We report on a grounded theory study of late-arriving immigrant youth (LIY) who arrived in the United States at 16–18 years of age and were referred to daytime General Education Diploma (D-GED) programs. These programs provide an alternate path to a high school diploma for youth with insufficient knowledge of English to complete graduation requirements before turning 19 years. Based on interviews with 38 youth from Latin America, we propose the core category of our grounded theory to be students Navigating Child and Adult Immigrant Narratives while making educational and career decisions. This process begins before immigration when youth imagine ambitious alternate selves—ideal educational and career selves in the United States, consistent with the American Dream and immigrant child narrative. The D-GED programs represent a compromise between a child and adult educational pathway. Students in these programs felt excluded from the regular high school but received social and emotional support while on a faster track to graduation and self-sufficiency as adults. However, students lacked concrete information and roadmaps for how to attain their ambitious goals. The study highlights the unique challenges faced by LIY as they develop ambitious and realistic education and career goals.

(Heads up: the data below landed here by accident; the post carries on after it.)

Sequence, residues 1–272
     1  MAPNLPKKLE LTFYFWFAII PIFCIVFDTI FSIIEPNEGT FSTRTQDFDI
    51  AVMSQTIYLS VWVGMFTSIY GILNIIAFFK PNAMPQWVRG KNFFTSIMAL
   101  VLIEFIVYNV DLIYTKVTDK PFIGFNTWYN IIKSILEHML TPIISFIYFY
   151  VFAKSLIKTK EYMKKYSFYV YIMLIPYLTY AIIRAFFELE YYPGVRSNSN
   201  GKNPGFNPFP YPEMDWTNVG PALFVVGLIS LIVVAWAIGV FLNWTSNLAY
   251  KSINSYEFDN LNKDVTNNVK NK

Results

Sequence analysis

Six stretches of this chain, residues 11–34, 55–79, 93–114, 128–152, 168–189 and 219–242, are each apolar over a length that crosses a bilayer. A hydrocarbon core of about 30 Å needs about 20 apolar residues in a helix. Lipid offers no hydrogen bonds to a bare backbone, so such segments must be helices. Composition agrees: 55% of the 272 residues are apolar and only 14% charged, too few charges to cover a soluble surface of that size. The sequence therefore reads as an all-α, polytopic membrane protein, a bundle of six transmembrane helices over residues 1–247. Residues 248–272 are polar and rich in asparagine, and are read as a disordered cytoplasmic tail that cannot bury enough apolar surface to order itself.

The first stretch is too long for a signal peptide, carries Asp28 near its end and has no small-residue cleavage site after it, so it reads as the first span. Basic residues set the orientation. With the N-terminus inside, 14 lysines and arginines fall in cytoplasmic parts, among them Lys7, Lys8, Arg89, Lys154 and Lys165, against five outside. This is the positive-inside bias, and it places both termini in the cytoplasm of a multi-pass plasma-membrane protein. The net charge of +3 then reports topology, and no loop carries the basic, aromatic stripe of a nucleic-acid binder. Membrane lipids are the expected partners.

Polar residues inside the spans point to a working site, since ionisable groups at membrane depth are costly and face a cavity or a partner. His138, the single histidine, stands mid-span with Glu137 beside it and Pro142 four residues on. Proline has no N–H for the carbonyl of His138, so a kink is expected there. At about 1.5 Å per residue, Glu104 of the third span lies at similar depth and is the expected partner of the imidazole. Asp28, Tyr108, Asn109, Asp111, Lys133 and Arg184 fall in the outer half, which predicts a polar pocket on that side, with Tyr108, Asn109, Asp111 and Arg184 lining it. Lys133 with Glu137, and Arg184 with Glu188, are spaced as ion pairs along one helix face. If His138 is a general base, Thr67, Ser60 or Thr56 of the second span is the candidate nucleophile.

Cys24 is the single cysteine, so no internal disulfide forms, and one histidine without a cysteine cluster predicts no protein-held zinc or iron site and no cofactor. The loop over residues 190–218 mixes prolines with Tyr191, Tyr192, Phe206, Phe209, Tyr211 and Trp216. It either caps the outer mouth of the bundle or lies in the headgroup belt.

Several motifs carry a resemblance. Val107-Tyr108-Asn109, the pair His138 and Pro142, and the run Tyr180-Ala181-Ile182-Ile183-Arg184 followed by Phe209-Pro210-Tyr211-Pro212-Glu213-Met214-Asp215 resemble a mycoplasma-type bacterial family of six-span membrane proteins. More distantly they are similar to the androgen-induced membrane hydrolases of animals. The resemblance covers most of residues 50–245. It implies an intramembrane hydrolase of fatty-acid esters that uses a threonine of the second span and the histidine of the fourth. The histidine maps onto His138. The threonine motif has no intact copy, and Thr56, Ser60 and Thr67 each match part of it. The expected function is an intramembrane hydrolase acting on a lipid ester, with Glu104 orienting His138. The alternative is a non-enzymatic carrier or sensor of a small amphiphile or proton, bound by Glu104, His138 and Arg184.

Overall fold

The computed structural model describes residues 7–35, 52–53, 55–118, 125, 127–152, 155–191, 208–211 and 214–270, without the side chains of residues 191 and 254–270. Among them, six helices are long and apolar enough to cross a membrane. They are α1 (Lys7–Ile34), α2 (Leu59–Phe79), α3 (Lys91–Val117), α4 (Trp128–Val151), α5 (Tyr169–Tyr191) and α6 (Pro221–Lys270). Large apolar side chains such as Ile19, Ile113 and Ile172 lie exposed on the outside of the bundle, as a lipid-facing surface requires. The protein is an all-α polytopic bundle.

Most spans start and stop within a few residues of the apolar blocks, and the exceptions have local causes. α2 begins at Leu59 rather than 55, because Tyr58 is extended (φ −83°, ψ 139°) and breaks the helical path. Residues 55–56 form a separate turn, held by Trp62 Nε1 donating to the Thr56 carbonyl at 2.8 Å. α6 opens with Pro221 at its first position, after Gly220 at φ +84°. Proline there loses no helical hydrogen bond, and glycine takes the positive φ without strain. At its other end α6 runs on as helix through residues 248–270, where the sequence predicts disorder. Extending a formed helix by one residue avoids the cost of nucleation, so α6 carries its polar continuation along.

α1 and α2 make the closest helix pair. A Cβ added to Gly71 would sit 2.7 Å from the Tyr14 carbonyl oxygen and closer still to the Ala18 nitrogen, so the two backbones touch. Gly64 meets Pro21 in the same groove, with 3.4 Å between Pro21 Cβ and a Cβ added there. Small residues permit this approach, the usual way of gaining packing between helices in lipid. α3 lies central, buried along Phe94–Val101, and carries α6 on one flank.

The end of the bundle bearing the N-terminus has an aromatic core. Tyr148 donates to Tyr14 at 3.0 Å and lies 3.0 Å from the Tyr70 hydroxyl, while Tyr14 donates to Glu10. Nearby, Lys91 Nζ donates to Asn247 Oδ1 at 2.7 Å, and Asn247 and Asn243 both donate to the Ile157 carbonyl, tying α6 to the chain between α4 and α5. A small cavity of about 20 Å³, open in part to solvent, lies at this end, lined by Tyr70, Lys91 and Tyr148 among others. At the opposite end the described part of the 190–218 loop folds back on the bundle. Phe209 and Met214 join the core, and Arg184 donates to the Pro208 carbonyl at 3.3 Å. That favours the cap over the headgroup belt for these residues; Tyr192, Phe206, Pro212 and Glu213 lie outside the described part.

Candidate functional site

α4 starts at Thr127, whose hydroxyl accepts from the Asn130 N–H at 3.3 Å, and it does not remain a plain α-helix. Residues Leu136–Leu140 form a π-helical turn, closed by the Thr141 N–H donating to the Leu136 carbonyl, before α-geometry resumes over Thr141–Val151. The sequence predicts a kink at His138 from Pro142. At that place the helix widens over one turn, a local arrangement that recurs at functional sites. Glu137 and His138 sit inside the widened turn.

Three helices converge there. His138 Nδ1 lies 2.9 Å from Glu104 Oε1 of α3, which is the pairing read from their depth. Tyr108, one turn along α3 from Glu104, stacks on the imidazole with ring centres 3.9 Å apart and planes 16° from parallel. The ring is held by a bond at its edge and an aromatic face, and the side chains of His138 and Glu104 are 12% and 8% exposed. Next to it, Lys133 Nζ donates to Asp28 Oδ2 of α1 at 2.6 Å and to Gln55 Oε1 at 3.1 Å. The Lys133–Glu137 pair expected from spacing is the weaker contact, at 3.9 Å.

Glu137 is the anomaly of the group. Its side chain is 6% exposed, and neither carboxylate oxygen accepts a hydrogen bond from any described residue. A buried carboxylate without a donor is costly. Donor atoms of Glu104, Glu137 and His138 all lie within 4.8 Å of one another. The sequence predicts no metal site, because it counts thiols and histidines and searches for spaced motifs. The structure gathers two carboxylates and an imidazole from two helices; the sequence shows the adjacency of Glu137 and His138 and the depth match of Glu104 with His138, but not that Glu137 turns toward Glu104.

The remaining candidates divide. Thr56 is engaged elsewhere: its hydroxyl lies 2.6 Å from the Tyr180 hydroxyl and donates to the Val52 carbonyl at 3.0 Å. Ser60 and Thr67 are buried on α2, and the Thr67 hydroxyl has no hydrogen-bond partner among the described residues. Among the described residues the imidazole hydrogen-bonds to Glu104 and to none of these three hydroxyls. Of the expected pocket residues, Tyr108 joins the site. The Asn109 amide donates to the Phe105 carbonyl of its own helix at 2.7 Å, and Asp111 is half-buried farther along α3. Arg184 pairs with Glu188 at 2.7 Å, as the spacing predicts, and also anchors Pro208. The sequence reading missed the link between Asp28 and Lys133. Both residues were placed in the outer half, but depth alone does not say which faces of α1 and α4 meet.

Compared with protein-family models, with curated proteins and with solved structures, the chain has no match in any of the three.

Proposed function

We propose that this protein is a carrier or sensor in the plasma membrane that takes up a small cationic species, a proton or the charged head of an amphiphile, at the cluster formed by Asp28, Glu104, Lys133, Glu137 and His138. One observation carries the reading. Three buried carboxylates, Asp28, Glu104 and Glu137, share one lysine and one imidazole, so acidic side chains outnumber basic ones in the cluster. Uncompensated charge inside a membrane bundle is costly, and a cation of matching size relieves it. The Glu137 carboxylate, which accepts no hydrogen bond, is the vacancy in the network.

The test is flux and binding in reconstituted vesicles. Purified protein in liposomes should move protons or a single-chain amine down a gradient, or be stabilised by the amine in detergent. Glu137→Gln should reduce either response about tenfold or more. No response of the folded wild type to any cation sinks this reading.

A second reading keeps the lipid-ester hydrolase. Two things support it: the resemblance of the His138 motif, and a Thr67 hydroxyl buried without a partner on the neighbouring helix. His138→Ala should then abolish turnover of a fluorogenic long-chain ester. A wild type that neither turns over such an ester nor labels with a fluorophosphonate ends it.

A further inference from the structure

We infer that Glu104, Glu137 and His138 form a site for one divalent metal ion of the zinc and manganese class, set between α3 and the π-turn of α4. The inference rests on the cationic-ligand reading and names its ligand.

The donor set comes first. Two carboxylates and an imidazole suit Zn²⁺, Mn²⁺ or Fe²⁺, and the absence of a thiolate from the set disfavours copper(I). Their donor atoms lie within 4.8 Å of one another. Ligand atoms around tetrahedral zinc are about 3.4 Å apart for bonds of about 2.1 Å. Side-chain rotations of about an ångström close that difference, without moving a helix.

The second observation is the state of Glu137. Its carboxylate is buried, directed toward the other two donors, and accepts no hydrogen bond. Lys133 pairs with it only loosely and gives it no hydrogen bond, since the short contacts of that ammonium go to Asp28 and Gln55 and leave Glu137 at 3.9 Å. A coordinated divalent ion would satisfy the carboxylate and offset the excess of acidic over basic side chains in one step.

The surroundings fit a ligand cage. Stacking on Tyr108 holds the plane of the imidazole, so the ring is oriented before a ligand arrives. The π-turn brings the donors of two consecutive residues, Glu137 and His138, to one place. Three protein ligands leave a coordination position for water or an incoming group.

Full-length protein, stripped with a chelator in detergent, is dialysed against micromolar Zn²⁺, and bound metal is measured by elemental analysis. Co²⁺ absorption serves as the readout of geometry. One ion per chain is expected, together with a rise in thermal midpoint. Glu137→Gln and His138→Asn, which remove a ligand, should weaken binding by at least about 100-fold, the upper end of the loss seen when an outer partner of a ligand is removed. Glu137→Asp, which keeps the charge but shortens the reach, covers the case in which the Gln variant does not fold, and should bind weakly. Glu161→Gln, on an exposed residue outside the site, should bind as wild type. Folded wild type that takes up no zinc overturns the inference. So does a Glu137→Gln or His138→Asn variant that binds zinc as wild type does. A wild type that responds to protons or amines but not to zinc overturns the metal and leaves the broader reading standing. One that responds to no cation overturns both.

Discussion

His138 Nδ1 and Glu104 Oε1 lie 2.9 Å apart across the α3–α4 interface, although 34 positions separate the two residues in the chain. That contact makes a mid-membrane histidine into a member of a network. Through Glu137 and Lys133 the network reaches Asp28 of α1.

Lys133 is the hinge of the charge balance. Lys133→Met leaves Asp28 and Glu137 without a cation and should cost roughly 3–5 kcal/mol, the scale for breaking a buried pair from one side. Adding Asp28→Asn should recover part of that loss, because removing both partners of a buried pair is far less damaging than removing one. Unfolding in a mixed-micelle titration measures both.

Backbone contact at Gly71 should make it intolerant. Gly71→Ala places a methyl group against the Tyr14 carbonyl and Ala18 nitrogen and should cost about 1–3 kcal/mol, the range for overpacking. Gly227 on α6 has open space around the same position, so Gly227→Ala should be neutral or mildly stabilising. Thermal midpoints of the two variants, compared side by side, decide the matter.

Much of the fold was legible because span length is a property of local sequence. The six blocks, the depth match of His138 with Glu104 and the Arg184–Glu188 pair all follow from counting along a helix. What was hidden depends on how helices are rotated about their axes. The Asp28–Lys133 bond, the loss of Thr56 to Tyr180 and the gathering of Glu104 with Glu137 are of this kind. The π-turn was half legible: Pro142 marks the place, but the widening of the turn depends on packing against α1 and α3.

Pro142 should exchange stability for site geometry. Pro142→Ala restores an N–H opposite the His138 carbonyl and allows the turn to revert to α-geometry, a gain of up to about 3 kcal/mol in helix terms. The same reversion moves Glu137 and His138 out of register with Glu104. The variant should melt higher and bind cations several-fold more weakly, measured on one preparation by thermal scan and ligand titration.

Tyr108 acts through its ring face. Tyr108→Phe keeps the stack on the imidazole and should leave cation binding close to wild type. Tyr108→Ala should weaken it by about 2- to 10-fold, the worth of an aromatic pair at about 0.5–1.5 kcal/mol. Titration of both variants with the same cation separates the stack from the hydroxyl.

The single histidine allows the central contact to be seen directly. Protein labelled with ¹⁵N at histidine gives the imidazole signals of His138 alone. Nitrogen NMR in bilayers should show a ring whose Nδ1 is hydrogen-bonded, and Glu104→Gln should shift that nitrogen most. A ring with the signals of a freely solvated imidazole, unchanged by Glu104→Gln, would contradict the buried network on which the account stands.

- Latinos (United States)
- college issues
- immigration issues (includes acculturation, language acquisitions, etc.)
- qualitative methods
ASJC Scopus subject areas
- Developmental and Educational Psychology
- Sociology and Political Science